Monthly Archives: March 2018

Folk Song by Vincent Ferrini


Venanzio Ugo Ferrini was born in Saugus, Massachusetts, on June 24, 1913 and  died of a heart attack on December 24th, 2007

Vincent’s own experience in the shoe factories and during the Great Depression instilled a great sensitivity for the life of the working poor. In high school he found that books contained the keys to discovery and it was then that he resolved to become a writer. Ignoring his father’s admonition that a son of a shoe worker could never become a poet, he graduated from Lynn Classical and not having the money for college, pursued his education in the Lynn Public Library spending each day reading, studying, looking for answers to illuminate why humanity settled for poverty and war. When the Great Depression hit, the young bard worked as a teacher in the WPA as he worked his first volume of verse about the people of Lynn. In 1940 at the age of twenty-seven he published “No Smoke.”

Folk Song

I pass
by day
and by night
no one has
seen me

If you ever
want to find
me and know me
leave behind
and enter
the caves
of other

There you
will find
who is


In his play Shadows Talking (1991), one character says:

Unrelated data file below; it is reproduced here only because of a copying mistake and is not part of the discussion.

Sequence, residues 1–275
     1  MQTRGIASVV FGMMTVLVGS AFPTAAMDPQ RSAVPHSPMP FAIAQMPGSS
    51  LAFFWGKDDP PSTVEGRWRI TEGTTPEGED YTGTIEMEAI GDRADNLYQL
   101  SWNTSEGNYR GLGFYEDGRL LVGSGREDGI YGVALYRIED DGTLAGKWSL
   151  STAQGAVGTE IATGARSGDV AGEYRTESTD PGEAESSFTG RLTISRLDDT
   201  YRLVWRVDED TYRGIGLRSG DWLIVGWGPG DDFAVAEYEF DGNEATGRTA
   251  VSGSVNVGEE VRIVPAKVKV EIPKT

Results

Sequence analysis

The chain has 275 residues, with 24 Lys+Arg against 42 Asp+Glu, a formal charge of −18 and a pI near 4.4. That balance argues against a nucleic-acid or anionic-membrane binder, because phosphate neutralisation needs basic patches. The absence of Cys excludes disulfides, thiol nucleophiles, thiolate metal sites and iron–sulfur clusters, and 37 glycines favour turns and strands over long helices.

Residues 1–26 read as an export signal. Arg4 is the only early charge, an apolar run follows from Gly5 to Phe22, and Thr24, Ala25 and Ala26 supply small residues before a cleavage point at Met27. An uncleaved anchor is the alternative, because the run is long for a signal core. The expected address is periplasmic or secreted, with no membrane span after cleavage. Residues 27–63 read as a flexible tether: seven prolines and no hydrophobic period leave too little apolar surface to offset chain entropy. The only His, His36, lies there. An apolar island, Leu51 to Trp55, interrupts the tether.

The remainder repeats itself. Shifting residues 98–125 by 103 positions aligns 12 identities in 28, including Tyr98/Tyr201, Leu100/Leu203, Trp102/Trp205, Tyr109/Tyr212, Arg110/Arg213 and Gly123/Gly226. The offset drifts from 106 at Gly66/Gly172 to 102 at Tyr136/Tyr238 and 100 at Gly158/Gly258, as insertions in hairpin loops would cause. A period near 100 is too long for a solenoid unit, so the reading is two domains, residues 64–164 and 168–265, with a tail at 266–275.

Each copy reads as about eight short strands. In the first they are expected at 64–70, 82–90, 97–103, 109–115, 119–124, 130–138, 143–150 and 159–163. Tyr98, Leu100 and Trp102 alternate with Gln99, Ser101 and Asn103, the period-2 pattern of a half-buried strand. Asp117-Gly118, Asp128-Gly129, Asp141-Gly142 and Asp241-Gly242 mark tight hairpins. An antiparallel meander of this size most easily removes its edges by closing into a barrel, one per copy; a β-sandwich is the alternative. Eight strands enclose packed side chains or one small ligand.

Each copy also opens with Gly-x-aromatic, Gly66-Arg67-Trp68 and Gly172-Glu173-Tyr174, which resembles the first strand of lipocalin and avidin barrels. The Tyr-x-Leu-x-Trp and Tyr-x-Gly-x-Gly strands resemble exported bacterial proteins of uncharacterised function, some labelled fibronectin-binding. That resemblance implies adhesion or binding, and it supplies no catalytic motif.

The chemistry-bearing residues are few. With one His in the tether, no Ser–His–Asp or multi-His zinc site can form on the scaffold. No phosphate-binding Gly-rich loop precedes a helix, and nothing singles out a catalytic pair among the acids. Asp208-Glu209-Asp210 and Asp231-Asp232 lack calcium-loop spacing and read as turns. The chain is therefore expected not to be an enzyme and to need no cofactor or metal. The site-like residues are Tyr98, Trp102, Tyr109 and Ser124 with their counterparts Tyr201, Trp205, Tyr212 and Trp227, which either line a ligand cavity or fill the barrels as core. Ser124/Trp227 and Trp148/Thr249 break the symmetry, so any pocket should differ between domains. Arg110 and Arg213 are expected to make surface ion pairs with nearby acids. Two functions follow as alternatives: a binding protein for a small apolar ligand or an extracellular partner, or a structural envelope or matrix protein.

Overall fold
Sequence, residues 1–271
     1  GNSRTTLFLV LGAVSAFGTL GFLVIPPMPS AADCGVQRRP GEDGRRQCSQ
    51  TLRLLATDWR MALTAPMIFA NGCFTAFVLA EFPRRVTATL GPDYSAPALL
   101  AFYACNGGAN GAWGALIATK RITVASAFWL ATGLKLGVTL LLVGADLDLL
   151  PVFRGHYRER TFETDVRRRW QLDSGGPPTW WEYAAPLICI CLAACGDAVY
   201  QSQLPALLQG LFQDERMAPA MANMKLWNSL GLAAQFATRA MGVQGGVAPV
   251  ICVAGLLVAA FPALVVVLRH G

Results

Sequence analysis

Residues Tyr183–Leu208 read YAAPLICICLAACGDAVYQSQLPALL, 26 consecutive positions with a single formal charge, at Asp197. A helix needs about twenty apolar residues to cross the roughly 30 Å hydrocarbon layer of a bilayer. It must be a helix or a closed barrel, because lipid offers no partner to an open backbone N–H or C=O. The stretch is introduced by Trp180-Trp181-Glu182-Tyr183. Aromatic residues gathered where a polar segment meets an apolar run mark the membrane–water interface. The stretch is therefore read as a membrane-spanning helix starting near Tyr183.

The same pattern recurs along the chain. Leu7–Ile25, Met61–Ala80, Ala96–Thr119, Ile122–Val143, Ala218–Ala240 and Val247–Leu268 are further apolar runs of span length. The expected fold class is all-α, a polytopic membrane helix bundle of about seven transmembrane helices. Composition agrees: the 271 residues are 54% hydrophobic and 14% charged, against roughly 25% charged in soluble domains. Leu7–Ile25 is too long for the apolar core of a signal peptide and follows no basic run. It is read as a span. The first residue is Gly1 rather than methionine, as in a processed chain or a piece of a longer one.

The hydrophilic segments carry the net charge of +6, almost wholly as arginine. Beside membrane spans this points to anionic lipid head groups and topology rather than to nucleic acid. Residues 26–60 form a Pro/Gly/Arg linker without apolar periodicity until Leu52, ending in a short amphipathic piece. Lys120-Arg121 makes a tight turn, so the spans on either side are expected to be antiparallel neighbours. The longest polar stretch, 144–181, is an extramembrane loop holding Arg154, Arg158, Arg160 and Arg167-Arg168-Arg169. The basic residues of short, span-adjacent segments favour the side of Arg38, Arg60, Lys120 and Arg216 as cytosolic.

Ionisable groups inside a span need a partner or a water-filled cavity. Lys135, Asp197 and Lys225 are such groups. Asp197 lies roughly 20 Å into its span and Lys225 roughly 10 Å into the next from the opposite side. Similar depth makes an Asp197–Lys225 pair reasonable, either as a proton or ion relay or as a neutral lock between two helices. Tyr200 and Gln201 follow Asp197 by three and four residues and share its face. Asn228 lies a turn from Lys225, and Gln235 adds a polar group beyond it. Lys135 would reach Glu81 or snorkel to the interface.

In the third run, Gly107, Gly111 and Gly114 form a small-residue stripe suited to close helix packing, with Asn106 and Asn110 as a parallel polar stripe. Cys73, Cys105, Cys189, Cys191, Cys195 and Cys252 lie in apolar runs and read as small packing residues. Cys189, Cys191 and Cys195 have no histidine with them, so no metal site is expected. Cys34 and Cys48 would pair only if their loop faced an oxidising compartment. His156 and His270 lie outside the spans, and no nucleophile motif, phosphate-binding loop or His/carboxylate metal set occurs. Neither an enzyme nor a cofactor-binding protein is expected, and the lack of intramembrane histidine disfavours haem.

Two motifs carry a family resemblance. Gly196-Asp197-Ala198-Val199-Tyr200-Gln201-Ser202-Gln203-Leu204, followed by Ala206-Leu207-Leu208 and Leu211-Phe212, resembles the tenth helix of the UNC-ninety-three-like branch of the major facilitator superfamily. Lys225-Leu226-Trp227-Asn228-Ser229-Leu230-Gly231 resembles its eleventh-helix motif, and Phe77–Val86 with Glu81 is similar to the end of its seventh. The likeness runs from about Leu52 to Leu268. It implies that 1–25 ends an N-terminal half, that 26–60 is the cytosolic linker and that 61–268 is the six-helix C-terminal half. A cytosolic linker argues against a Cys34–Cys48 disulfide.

If you could forget

who you think you are

you might catch up with

what you really are

& can’t see —-



Omar Ali : two poems


Poet Omar Ali, one of the leading poets of Bangladesh, left this world almost silently on  December 3, 2015. He was born on October 20, 1939 in the village of Komorpur in Pabna. Financial troubles accompanied him all his life. He became ill in 2012, which forced him to live an inactive life. He gradually lost his capacity of hearing and speech.


One day a man


One day a man came and asked me: Can you draw?

What? I asked

Draw me a woman, He said:

a well shaped woman,

strangely beautiful, arrogant, with a cruel poise.

I want a faultless sketch.


But why? I asked him again.

I shall burn it: he replied.

(translated by Pritish Nandy)


The lonely man


He was sitting alone:

sad, weary,

with a tear-stained face.

I asked him: Why?

He looked at me silently

and kept quiet.

I asked him again: Why?

Again he looked silently

into my eyes

and said nothing.


Then he got up and went away

leaving behind his silence.

(translated by Pritish Nandy)


Omar Ali received Bangla Academy award in 1981 and wrote forty books of poetry and two novels. Smell of the rural earth, simplicity of expression, everyday words spoken in villages, natural beauty of the country and loveliness of women fill his writings. The intensity and depth of his description of the beauty of nature and women is of devotional type. People of Bengal will remember him as long as there exists the beauty of its villages and the girls with a dark complexion in this country. Poet Omar Ali is now in the faraway land that none can reach but all have to go to, ‘where there’s no song of return’. Yet, we had him amidst us playing.